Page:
“Indifference is worse than hate” (341). In The Obelisk Gate, Essun relays her devastation once realizing that one of the people in Castrima has decided that Essun is not a person, because she is a rogga. In that woman’s eyes, roggas are not worthy of humanity due to the way roggas are placed in the social hierarchy in the Stillness. In my perspective, indifference largely stems from ignorance.
With the U.S. midterm elections that just passed, I believe this quote to be more relevant than ever. Politically, I identify with the left party’s ideals, but that does not mean I cannot rationally understand the basic principles of the right. My fundamental thinkings may differ on several wavelengths, however I am always interested in engaging in conversation to further my comprehension of the political climate. Now, having said that, I am exasperated with those who choose to not participate at all. Admittingly, politics is a heavy topic to enter, and can easily become heated with everyone firmly maintaining their respected positions. But to remain completely out of the discussion, is not only a disservice to that person, but to everyone else in the country. Voting is a privilege that many overlook in the United States, while other countries like North Korea must begrudgingly accept their leader. Being blind to such a privilege, in itself, speaks to the privilege a person holds. It is simply an excuse to remain uneducated about the political atmosphere when we are living in a time where information is literally at our fingertips with advancements in technology. To be uninformed is, in my humble opinion, being complicit in the political workings one may disagree with.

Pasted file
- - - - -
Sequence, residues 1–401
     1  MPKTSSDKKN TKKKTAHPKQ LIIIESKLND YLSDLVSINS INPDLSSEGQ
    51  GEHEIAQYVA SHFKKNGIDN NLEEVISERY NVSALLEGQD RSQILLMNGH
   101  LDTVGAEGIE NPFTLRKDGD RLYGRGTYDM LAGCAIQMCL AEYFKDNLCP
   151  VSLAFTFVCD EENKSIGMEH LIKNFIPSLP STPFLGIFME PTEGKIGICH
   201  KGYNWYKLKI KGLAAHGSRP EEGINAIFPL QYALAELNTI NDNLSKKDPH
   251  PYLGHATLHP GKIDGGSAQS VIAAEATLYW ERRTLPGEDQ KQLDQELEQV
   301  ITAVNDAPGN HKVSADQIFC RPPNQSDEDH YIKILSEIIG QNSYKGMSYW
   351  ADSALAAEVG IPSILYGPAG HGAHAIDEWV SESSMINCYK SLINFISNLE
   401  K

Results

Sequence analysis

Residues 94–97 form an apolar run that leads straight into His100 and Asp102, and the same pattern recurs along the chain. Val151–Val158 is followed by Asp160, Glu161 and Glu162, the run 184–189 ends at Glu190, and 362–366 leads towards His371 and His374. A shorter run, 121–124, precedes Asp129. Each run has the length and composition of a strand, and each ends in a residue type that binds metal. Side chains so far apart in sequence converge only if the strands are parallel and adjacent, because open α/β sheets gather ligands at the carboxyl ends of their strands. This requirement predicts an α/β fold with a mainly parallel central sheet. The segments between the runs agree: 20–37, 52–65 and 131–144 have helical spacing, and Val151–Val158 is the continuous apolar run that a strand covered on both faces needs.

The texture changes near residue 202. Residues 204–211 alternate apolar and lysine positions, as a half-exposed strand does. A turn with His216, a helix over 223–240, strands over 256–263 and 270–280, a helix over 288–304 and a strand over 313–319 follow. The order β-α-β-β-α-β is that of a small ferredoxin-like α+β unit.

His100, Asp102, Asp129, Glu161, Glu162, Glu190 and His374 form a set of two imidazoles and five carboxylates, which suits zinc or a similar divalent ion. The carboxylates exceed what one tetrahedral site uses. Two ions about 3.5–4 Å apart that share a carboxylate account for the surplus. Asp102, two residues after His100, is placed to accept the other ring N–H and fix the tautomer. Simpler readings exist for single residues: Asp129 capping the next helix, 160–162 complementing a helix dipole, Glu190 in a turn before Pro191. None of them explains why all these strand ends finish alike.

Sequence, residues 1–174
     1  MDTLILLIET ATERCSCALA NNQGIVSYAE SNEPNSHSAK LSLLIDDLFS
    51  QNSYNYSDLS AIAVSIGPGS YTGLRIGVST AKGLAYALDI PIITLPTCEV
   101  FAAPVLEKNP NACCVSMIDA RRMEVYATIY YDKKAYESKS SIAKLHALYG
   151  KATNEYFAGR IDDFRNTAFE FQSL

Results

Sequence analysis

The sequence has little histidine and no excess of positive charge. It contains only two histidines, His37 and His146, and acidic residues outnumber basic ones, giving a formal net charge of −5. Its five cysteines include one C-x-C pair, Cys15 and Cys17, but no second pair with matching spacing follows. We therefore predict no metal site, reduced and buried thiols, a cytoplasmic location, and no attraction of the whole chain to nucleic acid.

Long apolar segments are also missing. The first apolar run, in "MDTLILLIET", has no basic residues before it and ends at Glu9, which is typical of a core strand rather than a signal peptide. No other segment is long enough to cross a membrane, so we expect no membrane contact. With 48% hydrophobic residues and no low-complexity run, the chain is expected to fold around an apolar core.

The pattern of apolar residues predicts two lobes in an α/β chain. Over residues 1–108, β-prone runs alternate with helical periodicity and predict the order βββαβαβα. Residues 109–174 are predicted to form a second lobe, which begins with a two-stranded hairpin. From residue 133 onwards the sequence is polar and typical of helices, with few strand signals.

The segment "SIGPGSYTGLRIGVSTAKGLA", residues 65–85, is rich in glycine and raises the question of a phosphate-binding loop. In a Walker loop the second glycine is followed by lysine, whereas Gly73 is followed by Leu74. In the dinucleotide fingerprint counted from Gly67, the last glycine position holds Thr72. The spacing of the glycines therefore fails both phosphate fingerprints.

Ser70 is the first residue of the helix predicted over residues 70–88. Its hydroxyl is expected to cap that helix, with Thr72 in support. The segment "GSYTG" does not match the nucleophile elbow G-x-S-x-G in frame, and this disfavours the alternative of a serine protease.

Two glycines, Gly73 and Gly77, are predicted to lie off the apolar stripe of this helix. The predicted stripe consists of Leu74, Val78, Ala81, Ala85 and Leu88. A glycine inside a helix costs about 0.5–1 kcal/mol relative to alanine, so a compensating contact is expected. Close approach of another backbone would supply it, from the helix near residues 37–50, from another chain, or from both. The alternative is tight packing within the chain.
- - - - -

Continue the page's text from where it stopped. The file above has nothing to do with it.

In relation with privilege, I think this also nicely highlights people who choose to be “colorblind” to race. For the most part, people who identify as colorblind are cis, fully abled, male, and white, because in America’s society they are, well, at the top of the food chain. They have the privilege to have the option to choose to speak, because they are not directly impacted by everyday atrocities, and usually benefit either way. But, it is truly a shame to be in a position of power and not make use of it, while others struggle to speak at all.
I think indifference can easily consume one’s mindset and is ultimately toxic to one’s proactiveness. All in all, if you have a voice, use it!
For a comedic take on the concept of being “colorblind.” Here is a video from College Humor: https://www.youtube.com/watch?v=5qArvBdHkJA